John Fisher’s dog thought the bear on the tavern sign was real
My previous post on John Fisher focused on his clocks. Fisher was also quite an artist. As well as pictures, he painted his wood carvings and also flags and trade signs to order. York folk artist Lewis Miller recorded what happened when Fisher’s dog got a look at the sign Fisher was painting for the Black Bear tavern.
Miller’s caption reads:
“Old John Fisher painting a bear on a sine, up in the garret, and he had a dog by name of Wasser, and when Fisher was called to dinner the dog went up stairs to the sine, and when he saw the Bear, he made at him and spoilt the paint all over and catch eagerly squeeze it, and son Charles run up and saw the dog spoil the painting, run down to his father and told what the dog was doing. Fisher run up and saw it saying “his Wasser, nature—nature, his—his.” The old man was pleased at it, delightful for so doing.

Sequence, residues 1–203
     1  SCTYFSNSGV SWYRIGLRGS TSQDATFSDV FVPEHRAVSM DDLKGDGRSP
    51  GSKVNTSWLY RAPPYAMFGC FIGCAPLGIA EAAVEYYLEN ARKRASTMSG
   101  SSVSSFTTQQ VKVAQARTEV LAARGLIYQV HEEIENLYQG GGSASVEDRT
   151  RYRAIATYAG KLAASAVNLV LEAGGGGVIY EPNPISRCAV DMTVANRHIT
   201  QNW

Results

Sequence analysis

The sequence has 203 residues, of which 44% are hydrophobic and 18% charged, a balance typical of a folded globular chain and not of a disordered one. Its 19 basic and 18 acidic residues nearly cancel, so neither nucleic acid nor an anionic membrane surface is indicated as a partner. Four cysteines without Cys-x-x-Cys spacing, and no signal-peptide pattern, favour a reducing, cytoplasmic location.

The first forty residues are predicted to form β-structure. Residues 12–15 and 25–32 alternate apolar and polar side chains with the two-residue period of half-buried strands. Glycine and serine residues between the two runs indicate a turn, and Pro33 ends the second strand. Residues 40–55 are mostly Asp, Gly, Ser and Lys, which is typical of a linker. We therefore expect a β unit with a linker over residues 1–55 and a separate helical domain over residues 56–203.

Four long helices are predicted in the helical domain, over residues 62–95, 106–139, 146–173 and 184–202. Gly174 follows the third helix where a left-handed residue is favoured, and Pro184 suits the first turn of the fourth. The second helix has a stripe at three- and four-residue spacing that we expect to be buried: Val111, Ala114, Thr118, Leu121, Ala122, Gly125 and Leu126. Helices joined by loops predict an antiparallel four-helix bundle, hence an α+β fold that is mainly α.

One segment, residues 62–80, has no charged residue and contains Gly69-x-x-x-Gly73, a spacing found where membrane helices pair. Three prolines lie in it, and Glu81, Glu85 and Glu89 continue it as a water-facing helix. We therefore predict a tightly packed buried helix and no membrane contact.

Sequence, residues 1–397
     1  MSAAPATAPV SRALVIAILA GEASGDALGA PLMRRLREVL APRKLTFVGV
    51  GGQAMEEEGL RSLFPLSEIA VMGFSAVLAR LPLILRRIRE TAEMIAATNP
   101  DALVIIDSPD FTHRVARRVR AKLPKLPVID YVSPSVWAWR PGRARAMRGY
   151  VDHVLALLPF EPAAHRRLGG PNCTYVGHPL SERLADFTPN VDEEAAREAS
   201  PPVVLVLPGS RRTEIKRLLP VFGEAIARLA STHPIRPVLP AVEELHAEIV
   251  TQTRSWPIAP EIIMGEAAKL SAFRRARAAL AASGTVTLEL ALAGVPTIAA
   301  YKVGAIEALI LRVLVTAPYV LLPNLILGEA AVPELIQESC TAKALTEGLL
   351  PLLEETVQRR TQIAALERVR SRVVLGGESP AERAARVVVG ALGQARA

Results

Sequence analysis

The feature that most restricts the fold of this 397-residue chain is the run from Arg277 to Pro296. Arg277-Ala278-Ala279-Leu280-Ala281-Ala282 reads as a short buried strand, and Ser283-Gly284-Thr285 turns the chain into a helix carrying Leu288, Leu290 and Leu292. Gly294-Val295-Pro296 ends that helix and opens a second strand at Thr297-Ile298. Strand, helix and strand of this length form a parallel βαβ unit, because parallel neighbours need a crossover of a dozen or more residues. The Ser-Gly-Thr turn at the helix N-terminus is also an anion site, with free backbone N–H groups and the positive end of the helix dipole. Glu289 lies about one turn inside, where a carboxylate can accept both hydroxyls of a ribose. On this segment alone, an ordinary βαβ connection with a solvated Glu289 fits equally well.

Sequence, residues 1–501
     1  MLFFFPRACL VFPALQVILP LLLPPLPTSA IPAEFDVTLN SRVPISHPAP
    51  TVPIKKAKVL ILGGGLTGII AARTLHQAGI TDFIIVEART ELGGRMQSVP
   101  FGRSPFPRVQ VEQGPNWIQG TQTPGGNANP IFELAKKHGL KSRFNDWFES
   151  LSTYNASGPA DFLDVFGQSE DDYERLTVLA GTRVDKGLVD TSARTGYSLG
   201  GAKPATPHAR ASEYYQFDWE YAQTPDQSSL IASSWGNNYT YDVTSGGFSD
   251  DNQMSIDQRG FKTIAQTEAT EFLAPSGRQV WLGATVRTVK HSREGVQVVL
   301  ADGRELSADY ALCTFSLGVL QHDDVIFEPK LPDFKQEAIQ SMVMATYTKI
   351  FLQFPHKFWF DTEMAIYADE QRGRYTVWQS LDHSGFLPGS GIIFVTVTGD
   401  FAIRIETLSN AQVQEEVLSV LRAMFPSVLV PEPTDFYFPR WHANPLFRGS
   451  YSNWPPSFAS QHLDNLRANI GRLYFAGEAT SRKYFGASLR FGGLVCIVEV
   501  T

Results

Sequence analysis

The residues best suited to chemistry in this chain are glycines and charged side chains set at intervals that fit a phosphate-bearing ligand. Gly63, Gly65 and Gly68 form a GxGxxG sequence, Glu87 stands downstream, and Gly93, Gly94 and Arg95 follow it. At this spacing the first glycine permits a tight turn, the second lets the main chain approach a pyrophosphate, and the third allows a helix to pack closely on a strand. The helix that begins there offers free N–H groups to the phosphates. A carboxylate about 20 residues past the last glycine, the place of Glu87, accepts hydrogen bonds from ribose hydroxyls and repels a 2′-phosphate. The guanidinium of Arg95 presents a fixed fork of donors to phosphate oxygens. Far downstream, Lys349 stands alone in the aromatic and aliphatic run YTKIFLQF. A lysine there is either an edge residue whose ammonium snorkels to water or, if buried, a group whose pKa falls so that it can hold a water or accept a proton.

The sine was for Henry Shaffer. Tavern—Innkeeper of the Black Bear in East Market Street, 1796. I saw the sine after hanging at the house [tavern] in my time. Lewis Miller.”
Miller is illustrating a story that happened in 1796, the year Miller was born, but it was probably repeated often around town. His likeness of Fisher is probably pretty accurate. Fisher died in 1808 when Miller was 12 and Miller’s depictions of people and scenes that he could only have known as a child seem to match up pretty well with portraits and other evidence. He is also attesting that he saw the sign later hanging at the tavern.
I suppose that Fisher had to repaint the sign, but, according to Miller’s description, Fisher was pleased that the bear was so realistic that the dog followed his natural instinct to attack.
The illustration and caption above was done in Miller’s own copy of Henry Lee Fisher’s ‘S Alt Marik-Haus Mittes in D’r Schtadt, an Die Alte Zeite. The book was published in the late 1870s, so Miller would have been over 80 when he did the drawing.
Miller also did a smaller drawing of the same subject in the margin on one of his Chronicles of York pages. See below:
“See old Fisher painting a Bear on a sine, and his dog grasp at it. He said ‘O Nature ONature. The dog scratching it all over.’